So, what else wandered down that little side canyon?
After almost 2 months, a whole lot of rain, and some major road work, we returned to the Tehachapis to find out.
Needless to say, we were a little worried about the cams we had put near waterways. The downpours and flash floods of the December deluges had been severe.
Little did we know, but a clue to our luck came to the porch light while we unloaded the car...
Pacific Green Sphinx Moth, Arctonotus lucidus
The next morn we went to collect our cam in the fox-friendly wash first.
For the reset, we'd moved it a short distance to a creek-side trail, where a slope and cottonwood tree created a bit of a gauntlet. Glad for it too - the last location would have definitely drowned.
Reset cam along a small drainage, near a cottonwood
This time the cam had worked properly - lasting 3 weeks and taking 67 photos.
As we huddled 'round the LCD, the first strong character to claim the scene was quite a wow:
With the calm, impenetrable gaze of a Sphinx, this lion casually strolls by
In fact, the pretty Puma concolor had wandered the wash 4 times in 14 days.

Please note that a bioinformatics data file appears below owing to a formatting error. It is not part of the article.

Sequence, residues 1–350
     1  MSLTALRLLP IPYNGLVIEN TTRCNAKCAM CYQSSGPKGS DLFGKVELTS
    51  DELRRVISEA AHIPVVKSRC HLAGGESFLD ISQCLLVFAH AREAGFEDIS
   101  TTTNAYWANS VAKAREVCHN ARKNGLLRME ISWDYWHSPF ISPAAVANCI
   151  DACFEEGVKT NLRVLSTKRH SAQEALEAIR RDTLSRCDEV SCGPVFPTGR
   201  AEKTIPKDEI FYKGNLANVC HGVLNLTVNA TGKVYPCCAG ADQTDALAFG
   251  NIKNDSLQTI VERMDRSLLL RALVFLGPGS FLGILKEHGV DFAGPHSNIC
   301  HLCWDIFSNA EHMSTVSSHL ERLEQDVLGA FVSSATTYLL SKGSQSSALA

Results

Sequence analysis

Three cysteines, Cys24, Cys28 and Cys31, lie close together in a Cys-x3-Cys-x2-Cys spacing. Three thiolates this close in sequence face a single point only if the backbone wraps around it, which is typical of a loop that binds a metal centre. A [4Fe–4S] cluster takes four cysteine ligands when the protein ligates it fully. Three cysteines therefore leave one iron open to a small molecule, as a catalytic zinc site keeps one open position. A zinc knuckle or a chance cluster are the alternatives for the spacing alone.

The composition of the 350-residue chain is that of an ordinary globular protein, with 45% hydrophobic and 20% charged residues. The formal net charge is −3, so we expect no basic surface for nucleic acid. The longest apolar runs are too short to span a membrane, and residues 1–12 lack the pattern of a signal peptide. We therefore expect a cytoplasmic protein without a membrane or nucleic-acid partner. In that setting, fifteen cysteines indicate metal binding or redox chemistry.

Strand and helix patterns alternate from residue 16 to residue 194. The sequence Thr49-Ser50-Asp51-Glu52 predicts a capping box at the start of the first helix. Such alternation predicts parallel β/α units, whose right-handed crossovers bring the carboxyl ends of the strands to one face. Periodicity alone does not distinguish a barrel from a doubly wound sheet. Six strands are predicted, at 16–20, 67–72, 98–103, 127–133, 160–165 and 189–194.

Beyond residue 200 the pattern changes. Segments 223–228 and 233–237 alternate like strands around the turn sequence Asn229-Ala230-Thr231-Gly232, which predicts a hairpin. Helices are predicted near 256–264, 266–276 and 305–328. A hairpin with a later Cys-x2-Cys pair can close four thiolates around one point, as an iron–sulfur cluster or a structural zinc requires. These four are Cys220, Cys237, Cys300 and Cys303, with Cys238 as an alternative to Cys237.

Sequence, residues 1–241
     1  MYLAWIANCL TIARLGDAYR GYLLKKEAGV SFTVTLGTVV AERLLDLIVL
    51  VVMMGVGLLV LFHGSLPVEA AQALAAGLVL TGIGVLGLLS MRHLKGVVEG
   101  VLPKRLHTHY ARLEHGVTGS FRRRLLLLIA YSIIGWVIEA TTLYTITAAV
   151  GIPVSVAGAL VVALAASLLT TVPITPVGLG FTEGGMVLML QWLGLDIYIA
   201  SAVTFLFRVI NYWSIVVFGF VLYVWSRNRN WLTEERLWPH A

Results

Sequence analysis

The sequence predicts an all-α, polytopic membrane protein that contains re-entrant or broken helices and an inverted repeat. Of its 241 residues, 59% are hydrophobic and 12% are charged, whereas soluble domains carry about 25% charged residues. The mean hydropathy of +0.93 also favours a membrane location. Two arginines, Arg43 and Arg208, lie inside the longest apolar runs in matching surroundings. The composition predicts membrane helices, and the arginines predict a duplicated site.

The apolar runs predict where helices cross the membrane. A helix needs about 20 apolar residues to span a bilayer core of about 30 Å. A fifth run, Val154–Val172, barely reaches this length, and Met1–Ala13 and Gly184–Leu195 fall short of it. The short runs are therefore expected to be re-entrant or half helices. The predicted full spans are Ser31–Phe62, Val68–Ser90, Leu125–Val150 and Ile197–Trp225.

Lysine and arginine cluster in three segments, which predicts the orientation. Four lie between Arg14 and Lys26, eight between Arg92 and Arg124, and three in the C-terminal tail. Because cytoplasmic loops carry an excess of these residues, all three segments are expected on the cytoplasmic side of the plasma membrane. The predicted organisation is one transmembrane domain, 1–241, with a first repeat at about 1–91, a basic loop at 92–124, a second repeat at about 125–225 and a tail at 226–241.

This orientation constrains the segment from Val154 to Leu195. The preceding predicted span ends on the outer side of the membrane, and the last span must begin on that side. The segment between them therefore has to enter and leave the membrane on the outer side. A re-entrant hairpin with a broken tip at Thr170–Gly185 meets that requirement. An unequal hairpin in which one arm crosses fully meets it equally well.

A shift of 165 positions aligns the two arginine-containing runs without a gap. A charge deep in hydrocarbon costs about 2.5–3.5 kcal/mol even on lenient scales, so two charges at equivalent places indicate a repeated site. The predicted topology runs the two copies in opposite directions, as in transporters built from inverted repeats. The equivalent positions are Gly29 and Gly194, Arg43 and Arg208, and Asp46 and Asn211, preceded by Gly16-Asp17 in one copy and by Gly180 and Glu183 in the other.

Unfortunately, our fair feline came down the watercourse every time, so aside from the above passing glance, all the other cameos were booty views:
Walking away after looking at the cam on December 2nd at 11:23pm
December 8th at 6:27am
December 12th at 8:38pm
December 16th at 4:57pm in full daylight
But those tail-up shots do allow for a little sex speculation. Looking at the cat's "genital spot" (yes, that's a tech term) seems to indicate that she's a she. In males the spot is 4-5" below the anus, and it and the scrotum are usually visible. In females, the spot is only an inch or so below, so usually not visible unless their tail is way up.
Of course, I think it's just one mountain lion, but the December 12th photo does kinda look male, and somewhat different from the others...
So - if a lady lion, is this just a standard hunting circuit, or does she have something special stashed up there? Or, is it more than one cougar, and the cut-through a territorial overlap?
Perhaps we should set there again. But, this time we'll face the camera the other direction.